Consular Identification Cards: Domestic and Foreign Policy Implications, the Mexican Case, and Related Legislation
LIBRARY OF CONGRESS WASHINGTON DC CONGRESSIONAL RESEARCH SERVICE
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The current debate about consular identification cards in the United States has centered around the matricula consular, the consular identification card issued by Mexican consulates to Mexican citizens in the United States. In May 2003, the Treasury Department issued regulations allowing acceptance of the cards as proof of identity for the purpose of opening a bank account, and the cards are accepted for other purposes as well, including issuance of drivers licenses. Consular identification cards raise issues for domestic policy and foreign policy. With respect to domestic policy, supporters argue that acceptance of the cards is necessary in a post-September 11, 2001 America, where photo identification is required to conduct daily business. They maintain that the card is a secure and fraud-resistant document that improves security and brings people into the open financial community where transactions can be monitored more easily. Opponents argue that the cards are not secure and are needed only by aliens who are illegally present in the United States and serve to undermine U.S. immigration policy. In the area of foreign policy, supporters maintain that U.S. acceptance of the cards has improved bilateral relations with an important neighboring country. determination that the applicant is lawfully present in the United States and that specify that an official passport is the only acceptable foreign identity document.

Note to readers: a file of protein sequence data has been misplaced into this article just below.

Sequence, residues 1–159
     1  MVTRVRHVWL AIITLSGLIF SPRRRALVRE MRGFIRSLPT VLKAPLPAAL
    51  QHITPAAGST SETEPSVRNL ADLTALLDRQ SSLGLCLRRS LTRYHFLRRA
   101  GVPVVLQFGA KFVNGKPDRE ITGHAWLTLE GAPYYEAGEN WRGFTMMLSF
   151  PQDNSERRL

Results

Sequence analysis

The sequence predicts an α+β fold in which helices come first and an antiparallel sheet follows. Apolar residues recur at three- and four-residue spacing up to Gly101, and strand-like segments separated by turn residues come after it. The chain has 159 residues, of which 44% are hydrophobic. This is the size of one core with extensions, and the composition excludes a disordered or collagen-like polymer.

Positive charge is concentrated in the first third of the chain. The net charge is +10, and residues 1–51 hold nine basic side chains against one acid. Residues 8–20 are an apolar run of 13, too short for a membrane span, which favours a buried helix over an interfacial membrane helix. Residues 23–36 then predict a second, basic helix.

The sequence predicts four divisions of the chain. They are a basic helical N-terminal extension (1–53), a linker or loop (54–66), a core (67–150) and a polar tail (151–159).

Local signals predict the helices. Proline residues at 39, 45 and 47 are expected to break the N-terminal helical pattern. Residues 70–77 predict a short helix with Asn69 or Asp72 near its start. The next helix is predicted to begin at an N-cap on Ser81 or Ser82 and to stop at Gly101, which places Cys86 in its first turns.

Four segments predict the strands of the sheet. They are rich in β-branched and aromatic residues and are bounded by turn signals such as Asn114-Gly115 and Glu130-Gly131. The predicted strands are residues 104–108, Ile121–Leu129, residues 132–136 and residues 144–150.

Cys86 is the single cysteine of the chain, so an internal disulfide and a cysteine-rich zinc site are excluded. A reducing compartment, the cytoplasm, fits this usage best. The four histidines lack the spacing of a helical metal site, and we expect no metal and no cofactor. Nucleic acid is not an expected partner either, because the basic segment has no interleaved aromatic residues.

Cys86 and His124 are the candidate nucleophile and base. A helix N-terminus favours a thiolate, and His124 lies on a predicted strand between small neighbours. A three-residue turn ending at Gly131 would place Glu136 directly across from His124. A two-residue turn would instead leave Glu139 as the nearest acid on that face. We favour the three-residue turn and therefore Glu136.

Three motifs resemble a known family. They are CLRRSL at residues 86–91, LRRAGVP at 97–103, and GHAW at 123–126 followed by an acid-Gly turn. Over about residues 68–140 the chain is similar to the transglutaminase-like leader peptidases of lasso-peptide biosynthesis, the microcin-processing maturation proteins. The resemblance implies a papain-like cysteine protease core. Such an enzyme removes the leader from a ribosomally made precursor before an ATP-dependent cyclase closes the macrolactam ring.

- Information Science
- Government and Political Science
- Sociology and Law